Pride isn’t a Privilege

In honour of Pride month, we decided to interview a representative from a club that represents LGBTQ+ people at one of our schools. To find out more about this club and LGBTQ+ acceptance in Frankfurt, read through the GSA’s answers to these important questions.

What is the GSA?

The GSA is a school club basically and stands for Gender Sexuality Alliance. It’s sort of a  support group for LGBTQ+ students, a safe space where people can go to chat or meet friends or whatever. In our school it serves as a representative for  LGBTQ+ students to campaign to the direction about problems or things we think need fixing or just to campaign for visibility. It’s an American thing, quite an old American thing actually and it’s relatively new here in Europe. We’re kind of one of the last European Schools to do it, actually.

When was it founded and how often do you meet? 

It was founded at the beginning of this year by a student initiative with the help of a few teachers. Meeting times tend to change depending on how many people we are; meeting  this year has been kind of difficult with covid and being online. Back in the first semester we used to meet every two weeks on Tuesdays after school. Whenever someone had something they wanted to talk about, we organised a meeting. We’re trying to get on schedule again and actually have a meeting today!

What do the meetings consist of?

So far it’s been a lot of making posters, or meeting with the school representatives, talking about what  projects we’re working on. We’ve also had a few meetings where we hadn’t anything concrete to do so it was just a place to talk. It depends, I guess, on what we have going on. It can be a place where we come together to work on something if we have a  project going on, like when we were working on the Instagram page, or it could be a place where students can come  to talk or hang out.

Who can join the GSA, only LGBTQ+ people or also allies?

Anyone can join the GSA, regardless of whether you’re a part of the community, or you’re an ally there to maybe support a friend or learn more. As long as it’s a safe space, anyone is welcome!

What do you hope to achieve with the GSA?

It’s supposed to be a safe space right, so before the GSA was founded our school didn’t have  much representation for LGBTQ+ people, there wasn’t really any place, anyone campaigning for them. So I guess my hopes for the GSA are that it continues in the future  and becomes a part of our school.

What are your plans for the future of the GSA?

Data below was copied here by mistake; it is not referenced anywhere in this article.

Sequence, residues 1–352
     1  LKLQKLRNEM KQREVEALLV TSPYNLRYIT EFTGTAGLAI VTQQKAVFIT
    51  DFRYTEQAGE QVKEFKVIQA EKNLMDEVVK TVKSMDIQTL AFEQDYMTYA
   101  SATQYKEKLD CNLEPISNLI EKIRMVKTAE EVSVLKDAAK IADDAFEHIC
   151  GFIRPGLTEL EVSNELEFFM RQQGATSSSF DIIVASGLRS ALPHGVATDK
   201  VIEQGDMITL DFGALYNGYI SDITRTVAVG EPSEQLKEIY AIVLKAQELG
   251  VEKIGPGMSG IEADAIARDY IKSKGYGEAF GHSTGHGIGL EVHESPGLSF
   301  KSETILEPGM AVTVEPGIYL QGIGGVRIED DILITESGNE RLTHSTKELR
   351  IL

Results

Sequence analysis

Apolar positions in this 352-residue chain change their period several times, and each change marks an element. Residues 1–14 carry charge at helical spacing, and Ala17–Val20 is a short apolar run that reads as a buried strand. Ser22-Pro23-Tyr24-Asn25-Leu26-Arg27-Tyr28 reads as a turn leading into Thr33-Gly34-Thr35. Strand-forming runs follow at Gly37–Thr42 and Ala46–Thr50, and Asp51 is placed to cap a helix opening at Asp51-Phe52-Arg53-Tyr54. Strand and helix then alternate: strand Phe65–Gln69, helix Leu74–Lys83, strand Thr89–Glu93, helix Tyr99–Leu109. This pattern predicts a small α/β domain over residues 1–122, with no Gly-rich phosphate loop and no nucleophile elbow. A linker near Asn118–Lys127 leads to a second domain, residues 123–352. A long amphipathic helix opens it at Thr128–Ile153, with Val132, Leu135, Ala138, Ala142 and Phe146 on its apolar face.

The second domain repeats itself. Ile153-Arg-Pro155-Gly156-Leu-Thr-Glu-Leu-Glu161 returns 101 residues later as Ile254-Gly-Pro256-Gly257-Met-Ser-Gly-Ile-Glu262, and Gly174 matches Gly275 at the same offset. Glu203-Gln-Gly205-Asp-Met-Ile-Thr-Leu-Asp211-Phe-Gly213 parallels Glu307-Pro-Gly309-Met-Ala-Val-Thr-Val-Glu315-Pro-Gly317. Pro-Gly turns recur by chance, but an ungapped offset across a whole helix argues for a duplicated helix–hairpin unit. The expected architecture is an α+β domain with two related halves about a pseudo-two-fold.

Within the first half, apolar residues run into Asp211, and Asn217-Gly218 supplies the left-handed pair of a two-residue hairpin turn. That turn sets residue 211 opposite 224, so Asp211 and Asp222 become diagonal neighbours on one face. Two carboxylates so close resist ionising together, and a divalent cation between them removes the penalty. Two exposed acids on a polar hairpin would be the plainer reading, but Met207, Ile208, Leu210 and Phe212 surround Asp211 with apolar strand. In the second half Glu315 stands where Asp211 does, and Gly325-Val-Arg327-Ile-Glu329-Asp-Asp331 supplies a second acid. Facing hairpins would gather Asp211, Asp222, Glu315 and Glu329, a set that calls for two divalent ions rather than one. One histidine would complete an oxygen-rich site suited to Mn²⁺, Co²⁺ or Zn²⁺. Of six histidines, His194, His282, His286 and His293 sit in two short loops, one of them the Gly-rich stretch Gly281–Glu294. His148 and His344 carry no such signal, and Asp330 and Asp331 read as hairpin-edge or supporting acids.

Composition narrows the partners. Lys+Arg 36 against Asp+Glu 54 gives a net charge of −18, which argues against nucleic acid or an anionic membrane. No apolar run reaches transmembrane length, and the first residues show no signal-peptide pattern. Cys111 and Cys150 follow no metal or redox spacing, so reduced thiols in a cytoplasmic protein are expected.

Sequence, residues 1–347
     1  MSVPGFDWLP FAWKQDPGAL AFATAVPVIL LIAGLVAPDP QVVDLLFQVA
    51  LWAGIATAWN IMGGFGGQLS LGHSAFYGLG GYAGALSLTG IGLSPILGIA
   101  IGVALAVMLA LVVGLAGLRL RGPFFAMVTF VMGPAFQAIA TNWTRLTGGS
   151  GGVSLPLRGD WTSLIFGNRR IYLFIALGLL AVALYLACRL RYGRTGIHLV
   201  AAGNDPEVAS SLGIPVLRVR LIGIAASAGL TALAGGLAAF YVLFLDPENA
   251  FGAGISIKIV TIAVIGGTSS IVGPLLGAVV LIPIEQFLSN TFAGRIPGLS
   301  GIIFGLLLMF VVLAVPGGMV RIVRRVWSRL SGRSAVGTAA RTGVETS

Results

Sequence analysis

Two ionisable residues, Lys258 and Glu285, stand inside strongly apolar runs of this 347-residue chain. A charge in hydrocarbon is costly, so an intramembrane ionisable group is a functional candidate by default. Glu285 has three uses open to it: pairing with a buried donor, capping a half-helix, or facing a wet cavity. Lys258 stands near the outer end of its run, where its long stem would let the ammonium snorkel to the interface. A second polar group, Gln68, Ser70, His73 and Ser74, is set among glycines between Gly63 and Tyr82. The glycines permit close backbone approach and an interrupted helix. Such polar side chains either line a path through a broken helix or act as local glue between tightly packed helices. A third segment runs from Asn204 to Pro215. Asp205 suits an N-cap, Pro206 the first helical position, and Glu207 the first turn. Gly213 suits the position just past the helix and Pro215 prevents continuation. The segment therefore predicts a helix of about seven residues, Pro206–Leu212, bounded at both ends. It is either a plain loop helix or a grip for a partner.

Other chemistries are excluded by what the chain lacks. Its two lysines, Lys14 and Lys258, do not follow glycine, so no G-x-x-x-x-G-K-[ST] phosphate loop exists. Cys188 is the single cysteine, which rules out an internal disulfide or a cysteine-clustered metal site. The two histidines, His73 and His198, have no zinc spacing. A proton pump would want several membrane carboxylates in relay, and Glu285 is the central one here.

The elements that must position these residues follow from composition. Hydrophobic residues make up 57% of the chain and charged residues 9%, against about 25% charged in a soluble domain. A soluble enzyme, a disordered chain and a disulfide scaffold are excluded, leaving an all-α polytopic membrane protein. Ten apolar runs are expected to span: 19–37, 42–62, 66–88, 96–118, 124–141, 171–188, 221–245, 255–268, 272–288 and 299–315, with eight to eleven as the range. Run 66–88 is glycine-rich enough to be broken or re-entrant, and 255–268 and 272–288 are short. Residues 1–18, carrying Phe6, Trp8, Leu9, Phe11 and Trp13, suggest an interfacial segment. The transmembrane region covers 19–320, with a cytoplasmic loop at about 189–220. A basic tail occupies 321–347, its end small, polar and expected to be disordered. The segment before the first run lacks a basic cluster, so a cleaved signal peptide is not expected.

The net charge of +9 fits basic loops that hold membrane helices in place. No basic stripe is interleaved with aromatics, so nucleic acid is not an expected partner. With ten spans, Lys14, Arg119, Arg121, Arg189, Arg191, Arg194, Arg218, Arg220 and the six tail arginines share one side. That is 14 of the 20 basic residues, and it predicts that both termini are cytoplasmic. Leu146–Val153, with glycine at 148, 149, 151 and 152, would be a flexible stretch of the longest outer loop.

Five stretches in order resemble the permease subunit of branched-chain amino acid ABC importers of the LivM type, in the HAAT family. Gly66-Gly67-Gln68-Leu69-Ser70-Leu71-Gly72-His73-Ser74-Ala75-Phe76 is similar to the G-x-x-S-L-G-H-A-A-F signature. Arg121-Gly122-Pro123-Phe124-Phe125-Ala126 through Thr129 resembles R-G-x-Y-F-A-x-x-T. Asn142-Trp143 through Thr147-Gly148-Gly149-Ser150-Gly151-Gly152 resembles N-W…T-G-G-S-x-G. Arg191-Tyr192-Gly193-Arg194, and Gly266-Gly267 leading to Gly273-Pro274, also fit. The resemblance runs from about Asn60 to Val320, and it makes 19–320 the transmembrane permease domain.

What we have going on now is quite nice, we haven’t got too many people, which is also ok, I mean it just depends on who wants to join, though there’s a lot of queer kids in the school though not as many in the GSA which is understandable. But I guess for future plans it would be cool to see it grow with more students, to see it become a more permanent part of the school, maybe it would be even possible to collaborate with other schools’ GSAs. 

Is the situation still so bad for acceptance of LGBTQ+ people or has it gotten a lot better recently?

Well I think we tend to live in a bit of a bubble, we as students, I mean, in this school. Yeah, the situation is bad. It’s not like just because we have marriage equality that suddenly all queer people’s problems are gone, you know. Queer and trans students are still at a much higher risk than their straight and cis counterparts for contemplating or even committing suicide, being bullied, dealing with things like depression or anxiety. Queer and trans  kids are at a much higher risk of being thrown out of their homes. You know, we’ve seen a wave of attacks, with legislation, trying to hinder the rights of trans people. So no, I don’t think we’re living in a world of true equality, it’s still something we have to work toward. Just because we live in a relatively progressive place and we go to school at a European School doesn’t mean that there aren’t any problems.

Locally in our school have you noticed any bullying of queer and trans people?

Yeah, I think there’s a bit of a culture of homophobic and transphobic language. Our school is not an exception to that. No. No, our school isn’t an exception. There’s definitely a homophobic atmosphere in the school, it may not be as prevalent, it may not be everywhere, but it’s there.

Are teachers supportive, for the most part?

Yes, I think so. You know, there’s always teachers who aren’t, but they are a minority, I like  to think. There is some reluctant progressiveness, like when we tried to put a Pride flag up for Pride. Like the school wants to support their students, but doesn’t want to get backlash. So I would say in general yes, there is a supportive atmosphere in staff, but there is also a reluctance to it. 

Interviewee: Jonas Hermans

Interviewer: Leah Kramer